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Create a level playing field

Reimagining the MBA curriculum can help equip women with the right tools for career growth and success

Reimagining the MBA curriculum can help equip women with the right tools for career growth and success

India faces a strange paradox. On one hand, a greater number of women enroll in higher education each year. On the other, women continue to drop out of the workforce. In the corporate world, management skills are considered important for sustained career growth and success. However, the track record for women, even from the top MBA schools in India, is poor. While many graduate and start on a par with their male classmates, they are less likely to enter the workforce, and more likely to drop out.

Research has shown that the average MBA classroom curriculum is inadequate to prepare women for the world of work. Management schools treat men and women in the same way, assuming that they will emerge from their colleges and face the same environment. Sadly, this isn’t true. The analogy that explains this the best is that of a golf academy that encourages everyone to apply but provides only right-handed clubs to its members. Clearly, the left-handed students graduate with a disadvantage and never perform to their potential. Similarly, women enter workplaces largely designed by and for men, without the skills they need to navigate their unique situation.

Facing biases

Society, homes and workplaces present a very different set of factors to men and women, be it expectations around behaviour, ambition, or traits that determine workplace success. Stereotypes like aggressive versus assertive, supportive vs soft, frivolous vs fun are now well documented, among other biases that women face at the workplace.

To correct this, organisations sponsor women professionals in women-only executive education programmes. The curriculum is surprisingly similar across the globe, focused on strengthening traits that are under-developed because of years of gendered conditioning — confidence, assertiveness, negotiation skills, networking, executive presence, dealing with guilt, difficult conversations, resolving conflict and achieving balance.  

Course correction

The question to ask is: why aren’t we equipping our young women with these competencies right at the beginning so that they navigate their domestic and professional environments with more ease? Why must they hit a wall before we correct for prejudices?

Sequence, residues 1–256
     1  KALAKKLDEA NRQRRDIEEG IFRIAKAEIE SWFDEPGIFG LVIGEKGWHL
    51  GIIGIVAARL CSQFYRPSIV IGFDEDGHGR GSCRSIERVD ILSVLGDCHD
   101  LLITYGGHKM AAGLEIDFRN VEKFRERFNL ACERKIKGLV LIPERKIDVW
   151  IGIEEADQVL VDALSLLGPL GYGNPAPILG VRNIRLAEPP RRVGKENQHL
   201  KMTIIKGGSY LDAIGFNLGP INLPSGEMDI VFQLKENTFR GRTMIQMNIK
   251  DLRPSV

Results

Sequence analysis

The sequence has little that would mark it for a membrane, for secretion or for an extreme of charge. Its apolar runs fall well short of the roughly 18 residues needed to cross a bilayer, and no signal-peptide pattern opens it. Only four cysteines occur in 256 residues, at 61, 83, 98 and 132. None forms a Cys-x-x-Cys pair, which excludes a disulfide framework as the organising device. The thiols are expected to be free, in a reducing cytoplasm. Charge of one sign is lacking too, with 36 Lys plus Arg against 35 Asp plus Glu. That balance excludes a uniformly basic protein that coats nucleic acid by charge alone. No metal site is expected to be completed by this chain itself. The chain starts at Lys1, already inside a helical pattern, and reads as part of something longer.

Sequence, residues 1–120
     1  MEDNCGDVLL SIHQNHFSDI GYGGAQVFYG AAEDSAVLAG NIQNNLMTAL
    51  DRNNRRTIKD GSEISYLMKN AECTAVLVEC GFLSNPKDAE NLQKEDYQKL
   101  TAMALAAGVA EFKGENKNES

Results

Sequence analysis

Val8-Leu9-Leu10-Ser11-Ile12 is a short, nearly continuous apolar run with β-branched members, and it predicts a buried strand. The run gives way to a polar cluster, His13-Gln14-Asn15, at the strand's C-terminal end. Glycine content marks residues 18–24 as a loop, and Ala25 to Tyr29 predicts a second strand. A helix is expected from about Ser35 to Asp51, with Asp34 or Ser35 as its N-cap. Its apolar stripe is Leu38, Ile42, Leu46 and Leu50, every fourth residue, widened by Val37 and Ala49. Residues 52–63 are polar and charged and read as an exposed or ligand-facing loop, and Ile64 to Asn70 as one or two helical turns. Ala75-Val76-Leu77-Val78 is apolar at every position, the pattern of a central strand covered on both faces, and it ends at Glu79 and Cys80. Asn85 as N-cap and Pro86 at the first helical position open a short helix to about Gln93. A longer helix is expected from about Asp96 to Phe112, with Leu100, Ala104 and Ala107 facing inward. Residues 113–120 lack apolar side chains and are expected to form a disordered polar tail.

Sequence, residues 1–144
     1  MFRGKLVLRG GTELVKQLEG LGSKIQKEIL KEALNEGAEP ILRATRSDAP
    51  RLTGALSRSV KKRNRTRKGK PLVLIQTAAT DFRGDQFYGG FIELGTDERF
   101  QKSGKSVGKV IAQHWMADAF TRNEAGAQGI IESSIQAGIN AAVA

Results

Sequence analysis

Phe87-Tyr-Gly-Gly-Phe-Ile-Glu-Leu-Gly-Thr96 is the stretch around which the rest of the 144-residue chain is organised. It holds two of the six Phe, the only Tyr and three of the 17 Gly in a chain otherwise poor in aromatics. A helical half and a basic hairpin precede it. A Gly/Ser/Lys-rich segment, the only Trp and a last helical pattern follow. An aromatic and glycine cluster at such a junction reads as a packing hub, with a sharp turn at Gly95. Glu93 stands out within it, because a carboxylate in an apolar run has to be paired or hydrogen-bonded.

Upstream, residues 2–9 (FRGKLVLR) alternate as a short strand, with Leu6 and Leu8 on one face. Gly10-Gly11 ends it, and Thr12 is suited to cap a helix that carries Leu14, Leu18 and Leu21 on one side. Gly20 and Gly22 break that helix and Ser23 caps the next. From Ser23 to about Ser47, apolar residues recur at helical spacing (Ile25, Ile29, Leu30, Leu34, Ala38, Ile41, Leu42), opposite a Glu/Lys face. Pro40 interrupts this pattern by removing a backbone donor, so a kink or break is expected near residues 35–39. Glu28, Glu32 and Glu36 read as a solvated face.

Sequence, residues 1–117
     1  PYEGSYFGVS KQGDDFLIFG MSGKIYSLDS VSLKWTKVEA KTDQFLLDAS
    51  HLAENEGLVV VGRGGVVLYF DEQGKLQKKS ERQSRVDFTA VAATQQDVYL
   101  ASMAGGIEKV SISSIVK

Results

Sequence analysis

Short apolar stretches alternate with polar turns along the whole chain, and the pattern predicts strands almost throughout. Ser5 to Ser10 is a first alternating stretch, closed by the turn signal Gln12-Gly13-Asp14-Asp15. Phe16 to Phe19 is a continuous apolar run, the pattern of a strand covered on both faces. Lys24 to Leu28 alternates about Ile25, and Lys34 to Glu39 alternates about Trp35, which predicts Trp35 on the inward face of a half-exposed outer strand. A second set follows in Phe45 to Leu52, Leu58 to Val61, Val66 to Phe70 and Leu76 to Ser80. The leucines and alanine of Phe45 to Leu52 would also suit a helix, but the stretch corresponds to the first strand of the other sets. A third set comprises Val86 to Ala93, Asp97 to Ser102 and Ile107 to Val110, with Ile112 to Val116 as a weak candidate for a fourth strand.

Another question is that of access. Wherever there are limited seats, women are at a disadvantage. According to the Association of MBAs, only 19% of students who applied for and enrolled in Indian business schools are women — the lowest ratio in the world. Part of it is self-selection: they opt out based on evidence of how women fare in the corporate world. The high-quality MBA space is extremely competitive and women, based on generational experience, decide not to join the ‘rat race’. Unfortunately, this means that they miss out on career growth since managerial skills are highly recommended for the traditional success toolkit. How can we make access to high-quality management education easier for young women? 

Women need role models to show that success is well within their reach. A 2016 analysis of case studies at top business schools globally shows that only 8% have female protagonists, sending a clear signal to students about what leadership looks like. Exposure to female role models can significantly influence women’s ambitions and performance. 

Such exposure can also teach women how to leverage the strengths of values such as collaboration, empathy, lateral thinking, self-aware leadership, and listening, which don’t yet find a place in standard MBA curricula but are becoming increasingly important to lead in a complex and uncertain world. A reimagined MBA can incorporate all of these requirements to prepare women for their professional journey.  

Most importantly, we need MBA programmes that prompt women to think of work as a ‘must-have’ as opposed to a ‘nice-to-have’. While it will take time to create a level playing field, we can accelerate the process by equipping women with the right tools.

The writer is Founder and Dean, The Vedica Scholars Programme for Women.

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